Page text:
Judge Stephen P. Lamb rejected arguments made by the foundation in a countersuit that it can't be sued because it wasn't a party to the Master Settlement Agreement between 46 state attorneys general and major tobacco companies that created the foundation and paid $1.5 billion to fund its campaign.
The 1998 agreement bars personal attacks and "vilification" of tobacco companies or their executives in anti-smoking advertising campaigns. Lorillard contends that ads from the foundation violated that agreement.
The dispute stems from several
Legacy President Cheryl Healton in a statement said she regrets the court's decision, which she called "procedural," because it will force the foundation to divert resources.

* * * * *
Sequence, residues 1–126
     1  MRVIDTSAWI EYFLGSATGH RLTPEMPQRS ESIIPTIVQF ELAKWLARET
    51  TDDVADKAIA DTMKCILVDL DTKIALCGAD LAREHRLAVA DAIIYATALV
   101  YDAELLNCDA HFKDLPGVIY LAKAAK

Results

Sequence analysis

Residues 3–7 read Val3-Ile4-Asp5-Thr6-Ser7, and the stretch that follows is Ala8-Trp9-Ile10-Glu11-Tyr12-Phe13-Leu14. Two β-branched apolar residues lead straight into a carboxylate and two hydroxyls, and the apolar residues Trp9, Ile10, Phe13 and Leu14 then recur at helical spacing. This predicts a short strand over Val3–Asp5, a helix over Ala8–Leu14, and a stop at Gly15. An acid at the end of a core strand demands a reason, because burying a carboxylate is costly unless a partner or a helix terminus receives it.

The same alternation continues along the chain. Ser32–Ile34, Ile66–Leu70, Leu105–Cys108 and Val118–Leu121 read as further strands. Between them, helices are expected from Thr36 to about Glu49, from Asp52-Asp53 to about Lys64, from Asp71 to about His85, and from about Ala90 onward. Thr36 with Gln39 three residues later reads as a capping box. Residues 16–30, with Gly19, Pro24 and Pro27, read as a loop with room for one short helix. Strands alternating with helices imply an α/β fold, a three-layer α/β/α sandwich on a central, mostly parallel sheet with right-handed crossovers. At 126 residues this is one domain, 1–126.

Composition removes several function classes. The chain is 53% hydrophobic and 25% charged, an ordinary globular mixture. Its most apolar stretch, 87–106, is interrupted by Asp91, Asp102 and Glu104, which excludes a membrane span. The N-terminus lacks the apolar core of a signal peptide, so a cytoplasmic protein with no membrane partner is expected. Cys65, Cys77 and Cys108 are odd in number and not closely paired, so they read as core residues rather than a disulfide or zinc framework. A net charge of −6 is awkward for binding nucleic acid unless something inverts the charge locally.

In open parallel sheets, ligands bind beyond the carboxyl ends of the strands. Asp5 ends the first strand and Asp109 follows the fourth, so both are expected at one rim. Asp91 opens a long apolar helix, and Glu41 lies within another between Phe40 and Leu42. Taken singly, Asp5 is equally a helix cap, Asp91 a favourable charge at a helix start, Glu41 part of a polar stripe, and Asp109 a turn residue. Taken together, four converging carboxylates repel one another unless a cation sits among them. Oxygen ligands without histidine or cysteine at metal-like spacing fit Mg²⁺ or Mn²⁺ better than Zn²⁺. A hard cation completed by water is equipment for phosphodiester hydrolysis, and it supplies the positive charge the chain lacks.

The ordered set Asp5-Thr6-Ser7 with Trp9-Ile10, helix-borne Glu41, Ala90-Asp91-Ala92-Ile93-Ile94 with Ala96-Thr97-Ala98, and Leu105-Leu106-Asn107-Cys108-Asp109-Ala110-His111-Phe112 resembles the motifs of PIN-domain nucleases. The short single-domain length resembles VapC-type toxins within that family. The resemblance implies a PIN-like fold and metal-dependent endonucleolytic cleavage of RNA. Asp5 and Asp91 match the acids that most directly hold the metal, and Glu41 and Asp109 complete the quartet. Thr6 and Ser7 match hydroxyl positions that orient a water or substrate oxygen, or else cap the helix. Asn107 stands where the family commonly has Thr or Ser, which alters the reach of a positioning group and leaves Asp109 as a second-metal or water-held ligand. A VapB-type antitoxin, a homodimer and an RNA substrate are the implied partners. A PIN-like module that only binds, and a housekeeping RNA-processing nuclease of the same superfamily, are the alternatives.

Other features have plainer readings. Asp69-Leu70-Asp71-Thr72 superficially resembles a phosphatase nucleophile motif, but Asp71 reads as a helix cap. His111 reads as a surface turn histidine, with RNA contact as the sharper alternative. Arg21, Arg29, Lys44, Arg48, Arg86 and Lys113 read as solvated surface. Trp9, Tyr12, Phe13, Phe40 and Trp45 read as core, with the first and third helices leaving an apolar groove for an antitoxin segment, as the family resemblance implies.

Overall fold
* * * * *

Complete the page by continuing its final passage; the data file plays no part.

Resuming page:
Will not be 'distracted'
"We will not be distracted no deterred from pursuing our ongoing commitment to save lives," she said.
Ronald Milstein, Lorillard vice president and general counsel, said tobacco company's purpose in the suit is not to stop advertising, but to get the foundation to live up to the terms of the agreement.
"It's not about money. It's about making them adhere to agreement they reached. That is all we need to do," he said. "We are 100% in support of their efforts."
The suit comes as the five major tobacco companies near their last payment to fund the foundation's campaign. Mr. Milstein said Lorillard is continuing the suit because the ads could run for additional years and the foundation will continue.